Hi all! So I’m on a healthy eating journey and part of my new routine is to eat lese carbs. I’m the am I’m typically eating a protein shake or bar with low carbs (5 max). I’m still bolusing for carbs, but notice a spike that’s in my opinion fairly high for not really eating sugar or a ton of carbs. Has anyone else noticed this with high protein foods? If so, how do you combat it?
@Tee25 HI Taylor, lots of us get a high spike in the morning it’s sometimes related to Dawn Phenomenon (or dawn effect).
For normals, the body releases stored sugar in the morning to help them “wake up” and it works pretty good. Subtract a working pancreas for type 1, and we see it as an “unexplained high” with no carbs
Running your blood sugar a little higher may help, or may not.
bolusing in anticipation for that high may work, or may not and you crash
modifying your routine may work (at the daylight savings/ standard time shift my dawn phenomenon goes away… temporarily)
if you have a cgm - or you can test more. - you may see it starting and you can use insulin + activity… to flatten it out.
also, many of us are more insulin resistant in the mornings as well… so the same amount of insulin covers less carbs in the am. I need 20% more for example until about noon.
@Tee25, I’m assuming you’ve tested basal rates with your typical diet, and are confident you’re not experiencing Dawn phenomenon. That said, when I consistently eat low carbs, I have to account for proteins raising my blood sugar. When I’m eating a typical diet, I don’t account for proteins. This is a common situation, based on info I see in various groups for T1Ds. Take a cautious approach to blousing for proteins until you understand how they are affecting you. Many people have found that blousing as if around 50% of protein grams were carb grams gets them close, and that’s the number that works for me.
Correct. I wear a cgm and don’t really have a dawn phenomenon. My basal rate is adjusted to correct the brief morning spike I have. I can eat a super carby breakfast (cereal/milk, pancakes etc) and be totally fine. It’s just when I tend to go high protein low carb that I notice definitive spike.
Hi Tee @Tee25, my “guess” is that you may be masking your dawn phenomenon with increased bolus ratio for your breakfast and agree with @mikefarley that maybe you should validate your AM basal rates. Basal rates are validated by fasting [i.e., eating a ‘normal’ supper on a day of usual activity and not eating again until the following lunch time] and seeing if you can you stay in range for that 18 hour period.
With your higher carb breakfast you are taking “a lot” of bolus and keeping your BGL in range; on your protein breakfast days I suspect you take a “very small” bolus which is not sufficient to mask your too low basal rates. Yes, I’m assuming you use a pump.
Morning, I’m suspicious of the no carb sweeteners used in certain low carb bars and protein powders. My sugar spikes due to certain ‘ol’ sugar substitutes. Maltitol, sorbitol, etc.
Hi @trufflemaker, both sorbitol and maltitol are sugar alcohols and are considered carbohydrates. The need to be included in carb counts.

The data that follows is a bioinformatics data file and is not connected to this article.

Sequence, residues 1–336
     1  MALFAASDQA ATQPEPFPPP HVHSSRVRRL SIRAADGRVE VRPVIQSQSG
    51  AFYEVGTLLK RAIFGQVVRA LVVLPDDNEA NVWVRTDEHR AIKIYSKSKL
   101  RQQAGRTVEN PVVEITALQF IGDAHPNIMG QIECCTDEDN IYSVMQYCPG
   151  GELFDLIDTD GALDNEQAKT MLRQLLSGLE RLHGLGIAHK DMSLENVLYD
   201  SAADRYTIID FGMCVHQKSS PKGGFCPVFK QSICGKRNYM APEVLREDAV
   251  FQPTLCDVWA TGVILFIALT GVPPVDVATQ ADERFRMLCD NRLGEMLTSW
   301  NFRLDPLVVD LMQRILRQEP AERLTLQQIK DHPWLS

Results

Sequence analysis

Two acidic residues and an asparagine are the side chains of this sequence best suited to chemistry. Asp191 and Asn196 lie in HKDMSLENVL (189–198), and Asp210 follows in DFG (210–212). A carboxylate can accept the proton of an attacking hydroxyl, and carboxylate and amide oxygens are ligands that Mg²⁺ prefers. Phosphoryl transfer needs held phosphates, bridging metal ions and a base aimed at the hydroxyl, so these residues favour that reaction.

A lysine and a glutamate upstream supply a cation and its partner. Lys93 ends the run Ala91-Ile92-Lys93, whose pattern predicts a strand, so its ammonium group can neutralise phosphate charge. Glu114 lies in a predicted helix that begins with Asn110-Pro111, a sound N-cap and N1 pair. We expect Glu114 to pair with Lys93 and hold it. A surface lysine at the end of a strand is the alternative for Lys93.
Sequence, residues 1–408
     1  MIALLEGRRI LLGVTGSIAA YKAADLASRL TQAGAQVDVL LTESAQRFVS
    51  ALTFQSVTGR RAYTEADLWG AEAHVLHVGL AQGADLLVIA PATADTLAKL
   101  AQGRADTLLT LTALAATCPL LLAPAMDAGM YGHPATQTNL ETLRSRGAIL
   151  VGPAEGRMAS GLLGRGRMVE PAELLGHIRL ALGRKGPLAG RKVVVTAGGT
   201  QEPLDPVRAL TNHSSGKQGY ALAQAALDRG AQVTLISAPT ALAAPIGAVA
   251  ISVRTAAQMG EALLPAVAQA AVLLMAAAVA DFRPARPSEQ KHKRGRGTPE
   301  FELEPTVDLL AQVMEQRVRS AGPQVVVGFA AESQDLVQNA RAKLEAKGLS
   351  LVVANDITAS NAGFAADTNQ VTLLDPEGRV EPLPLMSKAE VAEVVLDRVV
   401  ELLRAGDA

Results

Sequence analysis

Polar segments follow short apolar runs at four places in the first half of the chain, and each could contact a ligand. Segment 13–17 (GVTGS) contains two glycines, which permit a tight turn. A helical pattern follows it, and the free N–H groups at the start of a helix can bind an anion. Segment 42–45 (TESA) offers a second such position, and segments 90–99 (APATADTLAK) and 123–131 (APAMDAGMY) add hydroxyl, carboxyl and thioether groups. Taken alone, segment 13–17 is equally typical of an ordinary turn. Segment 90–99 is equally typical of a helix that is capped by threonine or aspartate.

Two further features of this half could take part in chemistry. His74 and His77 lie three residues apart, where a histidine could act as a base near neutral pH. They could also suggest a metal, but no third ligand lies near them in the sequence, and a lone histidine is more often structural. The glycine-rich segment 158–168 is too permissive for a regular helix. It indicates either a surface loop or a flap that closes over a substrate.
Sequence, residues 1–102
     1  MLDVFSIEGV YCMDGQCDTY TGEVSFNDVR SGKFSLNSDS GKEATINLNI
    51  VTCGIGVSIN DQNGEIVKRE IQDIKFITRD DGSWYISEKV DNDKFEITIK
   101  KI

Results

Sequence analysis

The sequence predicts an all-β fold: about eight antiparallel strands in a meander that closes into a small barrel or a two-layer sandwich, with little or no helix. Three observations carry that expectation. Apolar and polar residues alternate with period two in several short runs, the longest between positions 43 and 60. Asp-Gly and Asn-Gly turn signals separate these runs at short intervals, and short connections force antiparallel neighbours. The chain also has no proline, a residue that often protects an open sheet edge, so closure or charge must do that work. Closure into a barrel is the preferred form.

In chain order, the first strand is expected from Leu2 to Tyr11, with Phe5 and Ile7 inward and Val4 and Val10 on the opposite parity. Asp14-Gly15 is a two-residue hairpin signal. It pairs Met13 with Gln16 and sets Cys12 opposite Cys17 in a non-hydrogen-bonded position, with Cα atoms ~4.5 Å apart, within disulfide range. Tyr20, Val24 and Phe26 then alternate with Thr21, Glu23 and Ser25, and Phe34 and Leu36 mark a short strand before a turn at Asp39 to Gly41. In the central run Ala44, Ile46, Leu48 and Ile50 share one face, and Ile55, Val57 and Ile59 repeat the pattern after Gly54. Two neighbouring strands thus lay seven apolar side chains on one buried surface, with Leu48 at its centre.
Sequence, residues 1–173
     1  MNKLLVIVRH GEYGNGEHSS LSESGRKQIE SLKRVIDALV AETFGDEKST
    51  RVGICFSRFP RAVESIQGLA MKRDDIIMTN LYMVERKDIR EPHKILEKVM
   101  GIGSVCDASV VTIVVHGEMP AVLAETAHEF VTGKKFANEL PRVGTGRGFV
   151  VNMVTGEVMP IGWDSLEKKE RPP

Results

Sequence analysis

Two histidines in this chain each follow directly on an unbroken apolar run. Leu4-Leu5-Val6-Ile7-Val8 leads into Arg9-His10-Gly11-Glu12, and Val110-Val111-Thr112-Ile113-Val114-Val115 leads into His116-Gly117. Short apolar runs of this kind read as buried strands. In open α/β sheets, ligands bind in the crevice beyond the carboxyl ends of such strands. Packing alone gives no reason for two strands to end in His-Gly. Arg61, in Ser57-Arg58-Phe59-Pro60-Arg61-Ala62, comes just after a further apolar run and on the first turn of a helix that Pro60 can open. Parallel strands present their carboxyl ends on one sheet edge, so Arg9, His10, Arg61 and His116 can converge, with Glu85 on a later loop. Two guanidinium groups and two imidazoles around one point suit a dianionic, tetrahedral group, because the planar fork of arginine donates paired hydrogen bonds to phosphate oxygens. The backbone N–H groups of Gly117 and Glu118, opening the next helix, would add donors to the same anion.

These sweeteners are plant based and as such you will need to find where and how they affect your glucose - very similar to how you determine the effect of vegetables and fruits. “Sugar free” does not mean free of carbohydrates.
Yes, according to Dr. Richard K Bernstein, who studied his own Type 1 diabetes for many years, proteins can convert some 45% of their calories to glucose ONLY on a low carb diet. He should know, he;'s been low-carbing since the 1970s
But the conversion takes time, so it shows up later in bg. That’s why it shows up about when most expect Dawn Phenomenon to take effect.
Taylor, if this is happening in the early am and it has been hours since you’ve eaten could be Dawn Phenomena this is where the liver deposits sugar in yur blood, the liver thinks you are starving will deposit glucose. the way to stoop this is to eat as little bit of carbs, this will stop the liver and your B/S should get back to your normal reading. Usually if you eat a little, crackers and P-Butter before bed time, you can usually stop the spike, protein doesn’t usually cause a spike. Hope this helps. Bye jan
I also eat a lower carb diet. I have found that I have to bolus 50% of the protein count for carbs and use an extended bolus. Carbs and fat tend to have a later spike than grain based carbs.
I have been on the keto diet since February to manage my blood sugar with insulin pens instead of the pump, which I was on for the last 23 years (T1 for 43 yrs). I still have to take insulin for protein at every meal but usually wait about an hour after I eat unless my CGM shows a rise in blood sugar. I do get the rise in the morning as soon as my feet hit the floor no matter what time I get up as others have mentioned. Btw, the difference between eating low carb and keto is that I can now exercise without the rapid drop in my blood sugar since the body burns fat instead of sugar during ketosis. I don’t need to lose weight but my A1c is better than it has ever been. This is my new way of life and I love being “untethered” from the pump!.